Hybrid Digital Infrastructure: An Analysis
In August 2021, Gartner predicted that end-user spending on cloud services would increase from $396 billion to $482 billion by 2022. Based on the rising adoption of cloud business processes, infrastructure, and application services, this forecast is very much in line with what we are seeing today. More and more organizations are looking to leverage hybrid cloud solutions for their digital transformation initiatives.
One of the most obvious approaches to this adoption has been to replace legacy applications with cloud-native ones. Of course, several advantages such as reduced capital costs, improved operational efficiency, faster time to market, and increased agility have driven this trend.
A survey by Harvard Business Review Analytic Services outlines that:
—almost 50% of the organizations endeavoring to adopt cloud services look to replace legacy systems
—42% prefer re-modifying the application interaction with datacenters
—26% find it favorable to refactor the internal code to achieve desired cloud integration
—only 17% consider rebuilding applications from scratch by leveraging containers and serverless architectures
Indeed, the paths to cloud adoption are many, and so are the drivers pushing the adoption of different cloud formats and options. The reasons for the same are multifaceted. For instance, some enterprises want to keep away from vendor lock-in (which often translates into a higher cost of ownership), some outline security concerns around data privacy and compliance, while others point out the compatibility issues between traditional on-premise systems and public cloud environments.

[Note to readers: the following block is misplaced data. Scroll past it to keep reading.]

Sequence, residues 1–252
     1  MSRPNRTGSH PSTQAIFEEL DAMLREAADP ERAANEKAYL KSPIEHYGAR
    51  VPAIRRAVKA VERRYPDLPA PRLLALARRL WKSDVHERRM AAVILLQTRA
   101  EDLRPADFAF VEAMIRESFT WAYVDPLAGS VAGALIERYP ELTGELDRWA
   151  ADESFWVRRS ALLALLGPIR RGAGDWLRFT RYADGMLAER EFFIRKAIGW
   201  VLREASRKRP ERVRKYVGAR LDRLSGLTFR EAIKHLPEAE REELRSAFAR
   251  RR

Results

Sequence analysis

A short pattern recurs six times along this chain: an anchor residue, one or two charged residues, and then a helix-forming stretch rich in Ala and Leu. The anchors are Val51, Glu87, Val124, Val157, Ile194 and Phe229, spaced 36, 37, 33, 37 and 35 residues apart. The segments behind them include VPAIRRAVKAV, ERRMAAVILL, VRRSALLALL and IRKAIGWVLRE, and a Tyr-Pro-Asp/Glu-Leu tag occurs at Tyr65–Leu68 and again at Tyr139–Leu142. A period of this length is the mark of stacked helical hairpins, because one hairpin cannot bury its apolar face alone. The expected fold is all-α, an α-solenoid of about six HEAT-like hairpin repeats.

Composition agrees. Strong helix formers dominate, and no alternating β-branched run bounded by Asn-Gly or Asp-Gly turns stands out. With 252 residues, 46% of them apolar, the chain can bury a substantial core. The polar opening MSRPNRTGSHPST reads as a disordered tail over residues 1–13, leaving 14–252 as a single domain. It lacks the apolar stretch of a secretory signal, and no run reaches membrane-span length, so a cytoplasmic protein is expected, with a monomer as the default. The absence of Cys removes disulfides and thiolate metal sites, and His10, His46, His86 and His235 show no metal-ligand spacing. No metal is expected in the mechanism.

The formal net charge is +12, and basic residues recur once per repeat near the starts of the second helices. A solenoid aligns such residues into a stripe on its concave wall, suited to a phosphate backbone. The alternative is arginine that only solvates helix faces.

Besides, the high degree of variability in both the technology stack and the existing deployment landscape makes implementation decisions difficult.
Hybrid Digital Infrastructure As the Answer
Hybrid cloud infrastructure can serve as the ideal solution to facilitate greater and deeper enterprise usage of cloud-based services. Here’s how:
- A mix of centralized and decentralized IT resources, which include application servers, database management systems, load balancers, firewalls, and so forth, which helps enterprises protect against threats and ensures secure access to critical applications. This also provides them with sufficient visibility into network performance to respond quickly when things get compromised or if any user gets locked out.
- As opposed to relying on a sole service provider, which may be unable to meet specific requirements in terms of capacity and/or flexibility, a hybrid approach allows enterprises to leverage multiple vendors’ capabilities.
- The hybrid infrastructure further facilitates the easy migration of workloads to different clouds based on dynamic demand and resource requirements, enabling more efficient utilization of resources within the core data center.
Certainly, the high payoff of a hybrid infrastructure is clear. And considering the invariably expanding set of complex conditions playing into the business landscape, its adoption is only going to increase.
The Latest Hybrid Digital Infrastructure Trends
The hybrid approach to IT infrastructure is gaining wider acceptance, and it’s not hard to see why. Here are some of the key trends that will shape the digital infrastructure landscape in the near future: